And why not? Humans, after all, sprang naturally from Earth. Our large, technology-creating brains, as convoluted as our rationalizations, do not stand apart from the biosphere but arose from it like seeds within an apple. If nature is thoughtful rather than merely intelligent, then we are myrmidons in an ongoing, never-ending project. Our aggression may be as preprogrammed as a computer booting up. If we eventually commit the ultimate "blunder" and engage in nuclear war, then it would actually be no error at all, but what we were designed to accomplish all along.
If something is infinite, then no finite amount of screwing up can do any real damage. Perhaps humans were intended. to mine uranium and release radiation, whose effects are ultimately good—if the goal is to accelerate evolution. Most radiation-induced genetic changes are unfavorable or even fatal. But bad mutations die out while beneficial ones thrive. A nuclear war would annihilate much, but it could not destroy all life. Earth's entire biological system would explore new pathways, enjoying a hundred million years' worth of evolution in a few brief millennia. Earth's biosphere would take the Reader's Digest condensed route to the next level of its collective destiny. The change, the adventure nature always seems eager to undertake, would be sped up. And poetic justice: this impatient, hurry-up species, the humans, unleashing a hurry-up potion upon the planet and upon ourselves.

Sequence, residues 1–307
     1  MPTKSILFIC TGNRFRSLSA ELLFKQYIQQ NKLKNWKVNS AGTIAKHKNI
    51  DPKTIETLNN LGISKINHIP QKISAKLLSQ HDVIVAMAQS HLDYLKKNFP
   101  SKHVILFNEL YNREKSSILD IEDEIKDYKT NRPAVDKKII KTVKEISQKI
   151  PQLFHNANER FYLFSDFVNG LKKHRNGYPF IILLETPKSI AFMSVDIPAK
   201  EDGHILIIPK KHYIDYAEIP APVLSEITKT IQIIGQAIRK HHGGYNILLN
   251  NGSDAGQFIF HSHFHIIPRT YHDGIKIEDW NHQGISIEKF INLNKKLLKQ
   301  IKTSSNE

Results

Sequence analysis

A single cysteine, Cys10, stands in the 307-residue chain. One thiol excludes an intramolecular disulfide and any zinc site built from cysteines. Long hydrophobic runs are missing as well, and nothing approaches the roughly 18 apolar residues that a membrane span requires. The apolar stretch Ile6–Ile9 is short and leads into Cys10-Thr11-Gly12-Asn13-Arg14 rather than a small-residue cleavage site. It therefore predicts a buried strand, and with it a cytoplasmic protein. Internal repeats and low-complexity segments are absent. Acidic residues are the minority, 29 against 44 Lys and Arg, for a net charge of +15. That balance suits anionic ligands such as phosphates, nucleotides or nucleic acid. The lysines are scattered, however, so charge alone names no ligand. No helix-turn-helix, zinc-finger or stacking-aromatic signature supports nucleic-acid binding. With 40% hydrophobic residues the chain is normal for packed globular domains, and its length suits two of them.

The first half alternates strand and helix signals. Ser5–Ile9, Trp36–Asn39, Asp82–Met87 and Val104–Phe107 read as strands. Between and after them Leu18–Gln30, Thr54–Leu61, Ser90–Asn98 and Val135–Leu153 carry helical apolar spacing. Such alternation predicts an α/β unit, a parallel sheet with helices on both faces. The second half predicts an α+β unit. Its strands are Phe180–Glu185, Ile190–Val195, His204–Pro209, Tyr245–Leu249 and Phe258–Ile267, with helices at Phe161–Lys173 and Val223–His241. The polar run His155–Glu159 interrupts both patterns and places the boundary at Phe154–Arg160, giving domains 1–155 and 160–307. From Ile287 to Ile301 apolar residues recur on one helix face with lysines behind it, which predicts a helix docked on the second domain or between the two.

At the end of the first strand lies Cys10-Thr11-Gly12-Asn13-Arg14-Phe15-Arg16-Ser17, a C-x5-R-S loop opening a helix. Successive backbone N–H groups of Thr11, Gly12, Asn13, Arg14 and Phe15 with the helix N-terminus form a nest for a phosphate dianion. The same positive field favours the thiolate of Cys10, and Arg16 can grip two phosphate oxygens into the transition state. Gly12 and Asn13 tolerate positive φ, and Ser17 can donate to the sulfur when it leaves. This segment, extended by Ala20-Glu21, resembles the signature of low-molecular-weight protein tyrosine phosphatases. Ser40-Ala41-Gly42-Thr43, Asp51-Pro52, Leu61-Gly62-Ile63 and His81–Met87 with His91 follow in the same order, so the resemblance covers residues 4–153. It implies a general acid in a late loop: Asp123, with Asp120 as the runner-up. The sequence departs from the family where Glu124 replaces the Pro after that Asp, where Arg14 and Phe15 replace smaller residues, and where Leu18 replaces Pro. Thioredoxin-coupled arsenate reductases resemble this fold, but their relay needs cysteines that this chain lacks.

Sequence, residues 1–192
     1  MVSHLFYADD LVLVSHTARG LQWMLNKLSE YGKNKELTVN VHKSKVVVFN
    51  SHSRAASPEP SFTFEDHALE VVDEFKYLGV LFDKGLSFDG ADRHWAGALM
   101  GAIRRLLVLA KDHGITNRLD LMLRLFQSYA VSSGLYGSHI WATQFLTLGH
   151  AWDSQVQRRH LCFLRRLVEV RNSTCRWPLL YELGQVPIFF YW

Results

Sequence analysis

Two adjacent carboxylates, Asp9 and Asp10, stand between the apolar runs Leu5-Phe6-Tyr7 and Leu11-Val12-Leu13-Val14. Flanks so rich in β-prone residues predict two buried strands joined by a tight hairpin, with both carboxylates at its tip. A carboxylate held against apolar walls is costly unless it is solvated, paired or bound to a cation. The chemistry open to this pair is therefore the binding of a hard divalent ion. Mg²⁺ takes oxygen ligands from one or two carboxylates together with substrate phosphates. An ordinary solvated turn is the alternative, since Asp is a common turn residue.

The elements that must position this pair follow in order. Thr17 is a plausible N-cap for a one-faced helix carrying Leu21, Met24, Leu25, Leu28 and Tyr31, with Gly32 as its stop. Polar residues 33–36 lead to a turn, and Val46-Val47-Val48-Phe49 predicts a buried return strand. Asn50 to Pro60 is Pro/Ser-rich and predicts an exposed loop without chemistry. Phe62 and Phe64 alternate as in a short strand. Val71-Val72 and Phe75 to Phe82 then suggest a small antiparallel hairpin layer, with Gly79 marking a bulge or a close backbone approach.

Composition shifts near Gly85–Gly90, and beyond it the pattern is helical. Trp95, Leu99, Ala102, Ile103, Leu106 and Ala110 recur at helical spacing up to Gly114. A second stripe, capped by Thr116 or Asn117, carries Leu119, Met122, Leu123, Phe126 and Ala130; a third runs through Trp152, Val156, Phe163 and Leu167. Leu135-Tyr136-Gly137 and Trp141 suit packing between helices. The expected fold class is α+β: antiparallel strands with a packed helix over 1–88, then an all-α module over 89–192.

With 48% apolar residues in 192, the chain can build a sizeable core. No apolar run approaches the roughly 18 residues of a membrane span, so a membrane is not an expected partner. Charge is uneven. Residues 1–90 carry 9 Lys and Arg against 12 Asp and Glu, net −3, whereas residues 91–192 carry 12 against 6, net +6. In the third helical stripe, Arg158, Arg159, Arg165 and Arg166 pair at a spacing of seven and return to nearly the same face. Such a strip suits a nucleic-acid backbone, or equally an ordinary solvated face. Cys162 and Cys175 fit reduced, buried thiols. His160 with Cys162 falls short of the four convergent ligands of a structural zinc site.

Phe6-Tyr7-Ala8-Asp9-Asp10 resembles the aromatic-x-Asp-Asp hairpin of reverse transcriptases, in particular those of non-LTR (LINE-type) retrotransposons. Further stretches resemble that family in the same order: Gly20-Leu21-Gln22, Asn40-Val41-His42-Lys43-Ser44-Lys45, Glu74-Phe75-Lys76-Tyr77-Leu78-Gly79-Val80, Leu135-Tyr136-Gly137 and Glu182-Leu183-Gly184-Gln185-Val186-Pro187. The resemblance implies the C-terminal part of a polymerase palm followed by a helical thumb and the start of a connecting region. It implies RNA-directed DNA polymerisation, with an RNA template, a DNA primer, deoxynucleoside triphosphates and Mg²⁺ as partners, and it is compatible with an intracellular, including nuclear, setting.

Not that nature always enjoys fast action. Cockroaches have remained unchanged for 250 million years. Impervious to radiation, they're not likely to go along with the plan and metamorphose into anything else.. (A good thing. It's horrible to imagine a future human generation trying to exterminate an improved roach.) Personally, I will do everything an individual can do to help prevent nuclear accident. But if the Big One comes anyway, I hope I'll remember these thoughts in my final moments, to salute the stunning, here-comes-a-new-Earth mushroom cloud with a toast of: Excelsior!